[Editorís note: In June
1990 The John Ankerberg Show taped a series of interviews with men
from several branches of the sciences regarding the evidence for
creation. For technical reasons we were unable to air these interview.
Nevertheless, we have decided to release portions of these interviews
in a series of articles so you could read the arguments that were
being made at that timeómore than a decade ago.
Considerable effort has
been made to quote the gentlemen correctly. We have attempted to find
the correct spelling of the scientific terms used. However, the reader
should keep in mind that this is a transcription of oral interviews.
Mistakes in spelling and in the technical language should be laid at
the feet of the editor.]
Dr. John Ankerberg: are
talking about the scientific evidence: Does it support the theory of
evolution, does it support the theory of creation? We have as our
guest a man who is an expert in the area of geology, and specifically,
Mount St. Helens and what happened before the 1980 eruption, what
happened during, what happened afterwards. You have done some research
that has great implications concerning the theories around geology and
then the evolution/creation debate. Tell us about it, Steve.
Dr. Steve Austin: On
May 18, 1980, a catastrophic event occurred that not only shocked the
world because of its explosive power, but it challenged evolution
theory, I believe, at its foundation. That event was the eruption of
Mount St. Helens there about ten years ago. I believe the thorough
exploration of some these catastrophic events will help us understand
a little bit more about how the earth formed and help resolve this
discussion of creation/evolution that we find ourselves in.
We see the amazing
stratification that was produced rather rapidly at Mount St. Helens.
The deposit from the nine-hour eruption on May 18, was covered by 25
feet of a pumice flow on June 12, 1980. Then we had the March 19,
1982, mud-flow deposit. Each of these layers at Mount St. Helens has a
date and the spectacular thing is to look at what the volcano did in
very short order.
Ankerberg: Before we go
any further, from the top to the bottom, how many feet is that?
Austin: Oh, it must be
30 to 40 feet in thickness.
Ankerberg: Thirty to 40
feet and how long did it take for that to be laid down.
Austin: That was
deposited over a two-year period.
Ankerberg: Just 24
Austin: Yes, and
individually the middle third formed in less than a day at Mount St.
Helens, on June 12, 1980.
Now I thought, my normal
way of thinking about strata, is that each strata, each stratum level,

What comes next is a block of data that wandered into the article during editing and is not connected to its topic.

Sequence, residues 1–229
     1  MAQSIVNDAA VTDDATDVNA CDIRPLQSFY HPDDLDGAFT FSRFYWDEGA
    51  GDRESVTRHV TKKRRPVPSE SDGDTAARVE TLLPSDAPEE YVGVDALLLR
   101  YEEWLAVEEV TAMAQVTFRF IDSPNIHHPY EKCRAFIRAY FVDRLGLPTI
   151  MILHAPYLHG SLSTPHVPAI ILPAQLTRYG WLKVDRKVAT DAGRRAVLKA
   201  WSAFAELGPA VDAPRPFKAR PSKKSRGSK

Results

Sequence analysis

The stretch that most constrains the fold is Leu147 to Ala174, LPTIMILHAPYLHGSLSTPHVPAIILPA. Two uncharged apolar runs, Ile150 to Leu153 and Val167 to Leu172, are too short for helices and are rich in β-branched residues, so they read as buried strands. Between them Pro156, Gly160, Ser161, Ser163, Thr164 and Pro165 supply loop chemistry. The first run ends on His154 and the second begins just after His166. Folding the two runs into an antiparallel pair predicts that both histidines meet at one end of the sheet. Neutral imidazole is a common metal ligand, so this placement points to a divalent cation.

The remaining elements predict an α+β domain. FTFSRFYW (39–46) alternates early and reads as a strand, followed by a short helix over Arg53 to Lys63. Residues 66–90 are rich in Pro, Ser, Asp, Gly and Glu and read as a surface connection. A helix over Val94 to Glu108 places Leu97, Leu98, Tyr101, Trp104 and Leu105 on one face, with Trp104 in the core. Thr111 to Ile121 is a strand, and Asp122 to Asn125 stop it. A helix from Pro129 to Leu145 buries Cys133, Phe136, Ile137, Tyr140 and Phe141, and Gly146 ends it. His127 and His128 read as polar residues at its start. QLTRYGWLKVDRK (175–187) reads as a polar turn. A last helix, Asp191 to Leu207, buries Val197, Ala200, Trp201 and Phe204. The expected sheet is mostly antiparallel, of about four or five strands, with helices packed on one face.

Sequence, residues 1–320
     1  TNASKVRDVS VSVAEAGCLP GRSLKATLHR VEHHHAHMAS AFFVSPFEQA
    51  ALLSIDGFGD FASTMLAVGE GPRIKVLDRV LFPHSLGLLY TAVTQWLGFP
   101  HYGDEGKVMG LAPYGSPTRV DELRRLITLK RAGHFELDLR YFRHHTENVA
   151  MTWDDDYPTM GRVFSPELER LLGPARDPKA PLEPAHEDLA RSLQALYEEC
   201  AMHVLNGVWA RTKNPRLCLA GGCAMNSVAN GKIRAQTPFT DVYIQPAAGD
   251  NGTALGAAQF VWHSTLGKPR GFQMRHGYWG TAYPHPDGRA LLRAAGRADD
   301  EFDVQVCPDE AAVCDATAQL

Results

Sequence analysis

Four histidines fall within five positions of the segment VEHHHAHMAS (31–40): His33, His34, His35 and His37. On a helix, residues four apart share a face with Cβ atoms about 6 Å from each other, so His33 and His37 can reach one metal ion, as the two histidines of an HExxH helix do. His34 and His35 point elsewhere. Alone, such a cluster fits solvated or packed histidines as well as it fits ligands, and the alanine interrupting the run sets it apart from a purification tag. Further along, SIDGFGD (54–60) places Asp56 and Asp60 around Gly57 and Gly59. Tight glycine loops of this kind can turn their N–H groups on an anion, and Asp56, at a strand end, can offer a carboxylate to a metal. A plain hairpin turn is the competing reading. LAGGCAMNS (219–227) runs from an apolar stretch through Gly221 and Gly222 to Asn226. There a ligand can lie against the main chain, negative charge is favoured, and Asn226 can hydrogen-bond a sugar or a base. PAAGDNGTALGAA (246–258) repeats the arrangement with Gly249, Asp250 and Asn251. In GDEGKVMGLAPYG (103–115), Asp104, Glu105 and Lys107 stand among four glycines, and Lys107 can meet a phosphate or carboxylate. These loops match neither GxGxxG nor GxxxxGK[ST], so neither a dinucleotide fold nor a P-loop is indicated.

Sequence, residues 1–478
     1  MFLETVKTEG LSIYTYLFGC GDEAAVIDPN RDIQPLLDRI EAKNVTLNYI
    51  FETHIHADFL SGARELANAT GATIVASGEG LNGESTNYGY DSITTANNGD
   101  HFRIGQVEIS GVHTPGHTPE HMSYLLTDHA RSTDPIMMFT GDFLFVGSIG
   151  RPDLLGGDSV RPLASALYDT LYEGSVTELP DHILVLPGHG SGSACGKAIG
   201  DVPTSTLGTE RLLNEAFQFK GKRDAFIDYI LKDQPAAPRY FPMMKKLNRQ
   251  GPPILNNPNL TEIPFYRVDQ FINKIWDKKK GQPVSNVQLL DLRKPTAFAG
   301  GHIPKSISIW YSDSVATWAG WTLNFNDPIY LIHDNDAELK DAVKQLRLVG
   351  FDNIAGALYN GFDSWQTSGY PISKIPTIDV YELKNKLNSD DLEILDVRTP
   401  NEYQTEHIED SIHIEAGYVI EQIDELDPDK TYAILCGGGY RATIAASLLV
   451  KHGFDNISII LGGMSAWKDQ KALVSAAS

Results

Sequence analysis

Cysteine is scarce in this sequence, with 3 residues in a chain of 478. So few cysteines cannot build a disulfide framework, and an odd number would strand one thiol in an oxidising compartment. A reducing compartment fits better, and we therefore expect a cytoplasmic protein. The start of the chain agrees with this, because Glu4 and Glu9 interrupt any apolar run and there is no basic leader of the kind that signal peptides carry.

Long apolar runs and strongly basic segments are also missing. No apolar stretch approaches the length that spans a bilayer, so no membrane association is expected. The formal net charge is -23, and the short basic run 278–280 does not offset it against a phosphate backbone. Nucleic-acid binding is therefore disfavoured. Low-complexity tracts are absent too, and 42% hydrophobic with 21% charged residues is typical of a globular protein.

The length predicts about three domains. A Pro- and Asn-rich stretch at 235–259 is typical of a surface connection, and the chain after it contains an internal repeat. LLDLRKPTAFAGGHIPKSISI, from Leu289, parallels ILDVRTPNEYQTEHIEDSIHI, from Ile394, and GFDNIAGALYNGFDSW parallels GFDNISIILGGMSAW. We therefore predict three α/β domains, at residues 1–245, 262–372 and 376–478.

represents a long period of time, and an alteration between summer and
winter, or between wet year and dry year and long breaks between
strata perhaps, and so I was amazed to find that a catastrophe formed
layered deposits. I had thought that a catastrophe would homogenize
the coarse and the fine and instead it deposited out as strata. And
that challenges my notion of stratification because I used to believe
very strongly that the stratification in the earth suggested great
periods of time for those formations. I talked a little bit about that
in our last session.
Then we have another
mind-boggler at Mount St. Helens. We had new canyon formation after
1980. A new canyon mysteriously appeared after the summer of 1980.
Some mysterious process gouged out this canyon from solid rock. You
could see a waterfall coming in from the upper left, an ancient lava
flow of solid rock was gouged out along with some volcanic ash layers
underneath. And I had thought that canyon formation takes a long
period of time.
That canyon formation shows
a little bit about the implications of Mount St. Helen for other
geologic features of the earth. For example, the Grand Canyon.
Geologists have long been enamored with the notion that the Colorado
River cut the Grand Canyon over a period of tens of millions of years.
And yet, most geologists that are familiar with the geology of
northern Arizona, have pretty much discarded that explanation, that
the Colorado River cut the Grand Canyon. It may sound like heresy, but
it is nevertheless true.
Most geologist are going to
an amazing accident, some type of runaway gully erosion, or a
breaching of a lake, this could be a spillway or something like that.
Geologists realize that the Grand Canyon appeared in a geological
instant, not over an extended, long period of millions of years.
That brings us to the
question of canyon formation generally. Of course, Darwin based his